Sampson v. Washington Metropolitan Area Transit Authority et al

District of Columbia, dcd-1:2004-cv-01767

MEMORANDUM ORDER denying {{46}} Defendant Mosley's Motion to Dismiss and denying {{50}} Defendant Mosley's Motion for Summary Judgment. Signed by Judge Gladys Kessler on 3/20/07.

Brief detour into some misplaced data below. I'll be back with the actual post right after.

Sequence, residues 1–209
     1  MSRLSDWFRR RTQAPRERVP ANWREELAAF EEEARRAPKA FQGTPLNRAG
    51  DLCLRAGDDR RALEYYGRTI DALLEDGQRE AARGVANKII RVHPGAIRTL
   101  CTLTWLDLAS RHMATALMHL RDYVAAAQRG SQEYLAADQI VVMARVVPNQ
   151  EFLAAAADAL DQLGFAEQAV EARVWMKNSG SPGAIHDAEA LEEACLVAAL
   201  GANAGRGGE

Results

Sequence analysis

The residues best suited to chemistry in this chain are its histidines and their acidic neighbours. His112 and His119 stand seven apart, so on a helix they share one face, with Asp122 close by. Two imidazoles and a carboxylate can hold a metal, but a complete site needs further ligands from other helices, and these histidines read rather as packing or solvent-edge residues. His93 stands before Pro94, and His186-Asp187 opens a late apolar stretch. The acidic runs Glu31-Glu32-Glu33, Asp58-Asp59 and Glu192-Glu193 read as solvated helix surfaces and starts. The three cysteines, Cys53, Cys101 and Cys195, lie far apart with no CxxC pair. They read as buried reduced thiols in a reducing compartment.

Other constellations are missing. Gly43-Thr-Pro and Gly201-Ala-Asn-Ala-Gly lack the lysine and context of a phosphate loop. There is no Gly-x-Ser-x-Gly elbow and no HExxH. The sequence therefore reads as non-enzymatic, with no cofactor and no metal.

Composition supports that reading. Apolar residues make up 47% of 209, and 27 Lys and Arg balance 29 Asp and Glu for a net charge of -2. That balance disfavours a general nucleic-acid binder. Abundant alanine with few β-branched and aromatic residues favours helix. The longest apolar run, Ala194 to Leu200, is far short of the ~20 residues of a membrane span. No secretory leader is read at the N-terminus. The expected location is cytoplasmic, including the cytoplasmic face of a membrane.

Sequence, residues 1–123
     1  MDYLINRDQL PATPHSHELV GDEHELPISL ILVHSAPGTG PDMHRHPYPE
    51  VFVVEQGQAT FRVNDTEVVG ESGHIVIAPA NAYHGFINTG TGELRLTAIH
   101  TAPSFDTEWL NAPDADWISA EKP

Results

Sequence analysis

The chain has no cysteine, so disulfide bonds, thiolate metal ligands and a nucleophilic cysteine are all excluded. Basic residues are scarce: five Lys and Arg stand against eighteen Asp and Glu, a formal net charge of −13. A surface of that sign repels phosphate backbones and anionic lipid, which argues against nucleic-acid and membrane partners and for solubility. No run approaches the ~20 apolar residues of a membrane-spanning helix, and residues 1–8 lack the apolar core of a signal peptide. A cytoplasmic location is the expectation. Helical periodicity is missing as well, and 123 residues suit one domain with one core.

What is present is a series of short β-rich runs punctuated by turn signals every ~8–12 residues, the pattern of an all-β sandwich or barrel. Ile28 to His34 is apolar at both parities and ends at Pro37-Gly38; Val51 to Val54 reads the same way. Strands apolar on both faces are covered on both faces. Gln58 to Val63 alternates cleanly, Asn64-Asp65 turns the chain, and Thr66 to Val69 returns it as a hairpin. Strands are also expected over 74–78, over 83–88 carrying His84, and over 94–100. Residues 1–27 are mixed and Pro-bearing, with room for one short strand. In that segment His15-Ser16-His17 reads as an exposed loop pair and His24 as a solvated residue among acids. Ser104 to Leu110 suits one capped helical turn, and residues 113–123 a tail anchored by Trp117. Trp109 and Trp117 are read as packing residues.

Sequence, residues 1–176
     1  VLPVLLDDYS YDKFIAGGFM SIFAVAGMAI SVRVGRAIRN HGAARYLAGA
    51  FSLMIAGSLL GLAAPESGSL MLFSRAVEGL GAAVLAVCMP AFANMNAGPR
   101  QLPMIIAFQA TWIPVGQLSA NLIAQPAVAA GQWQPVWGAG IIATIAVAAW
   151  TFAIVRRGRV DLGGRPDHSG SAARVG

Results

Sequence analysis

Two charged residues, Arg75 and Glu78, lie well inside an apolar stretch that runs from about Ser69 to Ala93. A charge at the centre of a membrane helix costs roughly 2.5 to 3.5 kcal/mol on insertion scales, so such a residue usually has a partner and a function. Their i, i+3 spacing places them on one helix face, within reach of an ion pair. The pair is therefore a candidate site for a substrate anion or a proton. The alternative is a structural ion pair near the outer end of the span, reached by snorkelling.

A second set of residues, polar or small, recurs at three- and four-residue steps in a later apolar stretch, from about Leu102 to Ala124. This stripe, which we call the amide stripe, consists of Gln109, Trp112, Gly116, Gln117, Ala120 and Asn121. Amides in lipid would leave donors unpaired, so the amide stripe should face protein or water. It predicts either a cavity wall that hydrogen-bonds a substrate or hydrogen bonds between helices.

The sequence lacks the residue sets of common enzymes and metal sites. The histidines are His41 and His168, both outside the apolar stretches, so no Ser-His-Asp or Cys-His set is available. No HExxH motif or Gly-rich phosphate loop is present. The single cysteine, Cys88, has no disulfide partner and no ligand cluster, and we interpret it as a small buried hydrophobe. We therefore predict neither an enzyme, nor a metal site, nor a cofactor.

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UNITED STATES DISTRICT COURT FOR THE DISTRICT OF COLUMBIA ______________________________) William E. Sampson,)) Plaintiff,)) v.) Civil Action No. 04-1767 (GK)) Washington Metro. Area) Transit Authority, et al.)) Defendants.) ______________________________) MEMORANDUM ORDER Plaintiff, William E. Sampson, brings this suit alleging intentional infliction of emotional distress, and violations of his First Amendment rights, for acts taken against him after he notified several of his supervisors and managers at Washington Metropolitan Area Transit Authority ("WMATA") about, inter alia, potential safety hazards in the workplace. Defendants are WMATA and eight individual current and former WMATA employees.1 This matter is before the Court on pro se Defendant Moseley's Motion to Dismiss [#46] and Motion for Summary Judgment [#50].2 1 Defendants are WMATA, Herbert S. Bullock, James R. Brown, Ernest Barber, Jr., Gairy O. Johnson, Steven Moseley, R. Sean Burgess, Alan G. Nabb, and John B. Catoe, Jr. Plaintiff's First Amendment claims are not asserted against Defendants Barber or Moseley. 2 All Defendants who have been served have filed dispositive motions in this case; however, this opinion deals only with Defendant Moseley's Motion to Dismiss [#46] and Motion for Summary Judgment [#50]. The Court will address the remaining motions at a 1 Upon consideration of the Motions, Opposition, and the entire record herein, and for the reasons stated below, Defendant Moseley's motions are denied. I. BACKGROUND3 On or about August 16, 1999, Plaintiff began working for WMATA as a mechanic's helper in communications with the Radio Maintenance Department. Some of Plaintiff's responsibilities related to the "safety of both bus operations and patrons through radio and other means of communication." Compl. at ¶ 14. During the Spring and Summer of 2002, WMATA received nearly one hundred new buses. None of the buses had radios. Plaintiff questioned his supervisor, Defendant Gairy Johnson, the area supervisor, Defendant Herbert Bullock, and the street supervisor, Gary Speicher, regarding whether the lack of radios in the new buses posed a safety hazard. None of them provided a satisfactory response. In August 2002, Plaintiff wrote a "bus safety memorandum" and distributed it to the head of safety at WMATA, Frank Goodine, Defendant Johnson, Defendant Barber, and several others. Plaintiff later date. 3 For purposes of ruling on a motion to dismiss, the factual allegations of the complaint are presumed to be true and liberally construed in favor of the plaintiff Abigail Alliance v. Von Eschenbach, 445 F.3d 470, 475 (D.C. Cir. 2006). Therefore, the facts set forth herein are taken from Plaintiff's Amended Complaint. 2 asserts that from that point forward, WMATA retaliated against him for voicing his safety concerns. For example, Plaintiff claims he was told to "drop the matter," he was subjected to "verbal abuse," and in November 2002, he was improperly disciplined for "defacing" WMATA property after he indicated on a safety meeting "sign up sheet" that nobody had attended. Id. at ¶¶ 19-26. Around that time, Plaintiff left a message on the general manager's hotline that handled retaliation, oversight, and mismanagement. He also told Ruth O'Hara, the executive assistant to the head of WMATA's safety department, that he thought WMATA was retaliating against him. He later e-mailed Ms. O'Hara information relevant to his complaint. WMATA initiated an investigation, and Plaintiff was eventually introduced to WMATA's Auditor General, James Stewart. In addition to information about alleged retaliation against him, Plaintiff provided information to the auditors about employees improperly using WMATA resources. On February 6, 2003, Defendant Johnson posted a notice about an "administrative investigation" that was initiated as a result of Plaintiff's complaints. Id. at ¶ 33. Defendant Moseley, one of Plaintiff's co-workers, began telling other employees that Plaintiff was responsible for the investigation. Moseley also made comments about Plaintiff such as "what we should do about the terrorist in here" and the "war in here," and began warning other employees about getting involved with Plaintiff. Id. at ¶¶ 33-36. 3 On at least two occasions thereafter, according to Plaintiff, Defendant Moseley made remarks to WMATA employees, in Plaintiff's presence, about how accidents can happen on their job site. Id. at ¶ 37. Between August 18, 2003 and September 3, 2003, Plaintiff was called into meetings with two different superintendents who each questioned him about "what he wanted." Id. at ¶¶ 38-39. Around that time, Plaintiff requested a transfer to avoid any potential physical harm. On September 17, 2003, Plaintiff sent an e-mail to Johnson expressing his concerns regarding various safety issues, including lack of training, lack of adequate procedures, and potentially hazardous conditions. The next day, Plaintiff was notified that he would be transferred to a different facility, but that he would have to complete a "WMATA-sponsored Effective Workplace Behavior course." Id. at ¶ 40. He was then escorted off the premises. Between March 12, 2004 and March 26, 2004, Plaintiff sent three additional e-mails to other officials regarding his safety concerns. II. STANDARD OF REVIEW "[A] complaint should not be dismissed for failure to state a claim unless it appears beyond doubt that the plaintiff can prove no set of facts in support of his claim which would entitle him to relief." Conley v. Gibson, 355 U.S. 41, 45-46 (1957); Davis v. 4 Monroe County Bd. of Educ., 526 U.S. 629, 654 (1999). Accordingly, the factual allegations of the complaint must be presumed true and liberally construed in favor of the plaintiff. Abigail Alliance v. Von Eschenbach, 445 F.3d 470, 475 (D.C. Cir. 2006). However, the court need not accept inferences drawn by plaintiffs if such inferences are unsupported by the facts set out in the complaint. Nor must the court accept legal conclusions cast in the form of factual allegations. Kowal v. MCI Communications Corp., 16 F.3d 1271, 1276 (D.C. Cir. 1994)(internal citations omitted). The Federal Rules of Civil Procedure require that if, on a motion to dismiss for failure to state a claim, the movant submits matters outside the pleadings which are not excluded by the court, the motion must be treated as one for summary judgment and disposed of in accordance with Rule 56. Fed. R. Civ. P. 12(b). Defendant's motions require consideration of matters outside the pleadings and will thus be treated as motions for summary judgment. Summary judgment will be granted when the pleadings, depositions, answers to interrogatories and admissions on file, together with any affidavits or declarations, show that there is no genuine issue as to any material fact, and that the moving party is entitled to judgment as a matter of law. See Fed. R. Civ. P. 56(c). A fact is "material" if it might affect the outcome of the action under the governing law. Anderson v. Liberty Lobby, Inc. 477 U.S. 242 (1986). The party seeking summary judgment bears the 5 initial burden of demonstrating an absence of a genuine issue of material fact. Celotex Corp. v. Catrett, 477 U.S. 317, 322 (1986). In determining whether the movant has met this burden, a court must consider all factual inferences in the light most favorable to the non-moving party. McKinney v. Dole, 765 F.2d 1129, 1135 (D.C. Cir. 1985); see also Anderson, 477 U.S. at 255. Once the moving party makes its initial showing, however, the nonmoving party must demonstrate "specific facts showing that there is a genuine issue for trial." Celotex, 477 U.S. at 324; McKinney, 765 F.2d at 1135. Accordingly, the nonmoving party must provide evidence that would permit a reasonable jury to find in his or her favor. Liberty Lobby, 477 U.S. at 255-56. "If the evidence is merely colorable, or is not significantly probative, summary judgment may be granted." Anderson, 477 U.S. at 249-50 (citations omitted). III. ANALYSIS To establish a cause of action for intentional infliction of emotional distress a plaintiff must show 1) extreme and outrageous conduct on the part of the defendant which 2) either intentionally or recklessly 3) causes the plaintiff severe emotional distress. See Larijani v. Georgetown Univ., 791 A.2d 41, 44 (D.C. 2002). Defendant Moseley's two-sentence Motion to Dismiss [#46] states that Plaintiff's claims should be dismissed because, as a matter of law, his actions were not extreme or outrageous. Likewise, in his Motion for Summary Judgment [#50], Defendant 6 Moseley argues that his actions were not extreme enough to support a claim for intentional infliction of emotional distress. He cites his June 15, 2006 deposition testimony as "factual evidence that [Plaintiff's claim is] baseless." Def.'s Mot. Summ. J. at 2. Plaintiff did not file any response to Defendant Moseley's Motion to Dismiss, and responded to Defendant Moseley's Motion for Summary Judgment by referencing Oppositions filed in response to other Defendants' dispositive motions.4 Those Oppositions show that Plaintiff is proceeding on the theory that Moseley's remarks were veiled threats of physical violence. Indeed, in its Motion for Summary Judgment, WMATA claims that it disciplined Moseley for violating its workplace violence policy based on his behavior towards Plaintiff. Defs. Mot. Summ. J. [#42] at 23. Plaintiff has submitted a lengthy declaration in which he claims that Moseley attempted to physically intimidate him by blocking his path on multiple occasions and shouting obscenities at him. Moreover, Plaintiff claims that Defendant told their unionized co-workers that Plaintiff had implicated them in an administrative investigation. See Plaintiff's Opp'n to Defs.' Mot. Summ. J. [#53], Exhibit 1 at ¶ 19, 29, 103, 106, 108, 110, 111, 112. Plaintiff is alleging threats of violence and intimidation in 4 The Court could dismiss Plaintiff's claim against Moseley based on his failure to respond to Defendant's Motion to Dismiss; however, given the Motion's conclusory nature and general lack of substance, the Court declines to do so. 7 a unionized workshop employment setting. Certain material facts are in dispute. Moreover, based on the present record, given the total context of Plaintiff's allegations, the Court cannot, at this time, say that no reasonable jury could find Defendant Moseley liable for intentional infliction of emotional distress. IV. CONCLUSION For the reasons noted above, it is hereby Ordered that Defendant Moseley's Motion to Dismiss [#46] and Motion for Summary Judgment [#50] are denied. /s/ March 20, 2007 Gladys Kessler U.S. District Judge Copies to: attorneys of record via ECF, and STEVEN MOSELEY 5218 Darien Road Baltimore, MD 21206 8